So once you define your ICP, your ideal customer profile, then you basically understood what the problem they have and what’s the solution will you kind of provide to them, whether it’s a product or a service. Then you need to define, the second would be define the channel, how people will know about you, right? And again, depends on the strategy, if it’s like a B2C, they have certain strategies how you can acquire customers from B2C. If it’s like mobile app, then you have strategies to acquire customers through the Apple Store, Google Store, advertising, and also sale and stuff.

But if it’s like a B2B, and especially if it’s a bigger checks, you will need to probably do a lot of outbound marketing activities such as cold email outreach, LinkedIn outreach. So this is very important. Usually the best strategy for the startup or the first company to define one segment, one customer, one segment. So it’s better to find one scalable channel to kind of grow, rather than put a lot of effort on different channels.

It's better to find one scalable channel to grow, rather than put a lot of effort into different channels. Share on X

You will need to define one channel that you think works better for you and has the best ROI and scale it. For example, let’s say you’re a B2B company and you’re selling something, some product, and you tested Google ads, and you calculated that the customer acquisition costs, for example, like $50, something like that. And you are making much more out of this, you’re making much more money from unleads. And you calculate that, how can I scale my Google ads campaign to drive more relevant traffic?

So it’s always good to understand how you can scale and calculate metrics and data behind your sale. So this will be very important. So if we’re talking about B2B, as I mentioned, there are several ways that could be pay debts, that could be LinkedIn and email outreach. This is more on, yeah, on outbound side.

Okay, so these are the channels, paid, LinkedIn, email. What’s the next step?

Yeah, so after that, it doesn’t mean that you don’t need to experiment with other channels. It’s probably good to have the content creation strategy and have the blog running, and do the publications. So all of the things are good, but you need to find something that is scalable and that can work for you. After you just basically understand your customer, you start to test the different channels and let’s say you found this, that outbound marketing work for you. So for LinkedIn and email outreach, this is quite a tricky one because it’s changing a lot.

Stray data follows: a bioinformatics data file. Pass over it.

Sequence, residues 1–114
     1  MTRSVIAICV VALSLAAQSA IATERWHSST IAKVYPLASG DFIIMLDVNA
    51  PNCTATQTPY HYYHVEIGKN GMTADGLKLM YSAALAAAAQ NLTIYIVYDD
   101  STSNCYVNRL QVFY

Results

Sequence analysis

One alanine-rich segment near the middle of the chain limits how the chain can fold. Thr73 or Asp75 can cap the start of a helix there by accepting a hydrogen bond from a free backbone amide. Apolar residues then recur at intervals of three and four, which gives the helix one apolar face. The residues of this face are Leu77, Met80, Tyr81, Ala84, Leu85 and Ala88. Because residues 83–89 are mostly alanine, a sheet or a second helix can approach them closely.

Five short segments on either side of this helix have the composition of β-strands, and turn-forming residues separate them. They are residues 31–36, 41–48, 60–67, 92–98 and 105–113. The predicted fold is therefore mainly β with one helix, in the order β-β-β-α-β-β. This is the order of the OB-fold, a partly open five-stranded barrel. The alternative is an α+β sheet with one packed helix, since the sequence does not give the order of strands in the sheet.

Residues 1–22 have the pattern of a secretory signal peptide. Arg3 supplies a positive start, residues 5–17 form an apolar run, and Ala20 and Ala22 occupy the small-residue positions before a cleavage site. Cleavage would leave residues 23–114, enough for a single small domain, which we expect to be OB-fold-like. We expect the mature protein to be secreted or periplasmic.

It's probably good to have the content creation strategy and have the blog running, and do the publications. So all of the things are good, but you need to find something that is scalable and that can work for you. Share on X

So like two years ago, three years ago, you could spam. You know, you can basically generate a lot of emails and then send a bunch of emails and that was fine. But it’s constantly changing and algorithm is changing as well. So now you can define your ICP and start to send the campaigns, but they won’t convert in the calls because they sometimes are getting this to the spam and also the messaging is wrong and people just don’t care about emails anymore. So they have a bunch of, every day they have a bunch of emails. So you need to be smart here.

So the good thing would be when you’re gathering a database of emails, you need to validate them. Also your email that you’re using, your domain should be warmed up. So there are tools that warm up your email box, that your email, warm up your email domain. After all of these steps are done, so you need to validate your messaging. Also start different campaigns. And they shouldn’t be spammy.

And there are some tools that check you actually, like folderly, they check your email body text and tells you, is it spammy or not? Because if it’s spammy, then Google will mark it as a spam you know and you probably your email deliverability would be really low. So all of these small pieces now matters and then probably it’s not enough for you.

Maybe I would call these steps after you build your email list so you define you found the scalable channel so define your ideal customer profile you find the scalable channel you build your email list. Can we call number four, apply avoidance, spam avoidance tactics, essentially warming up the domain, making sure your copy is not going to be rejected by Google. These are spam avoidance tactics basically.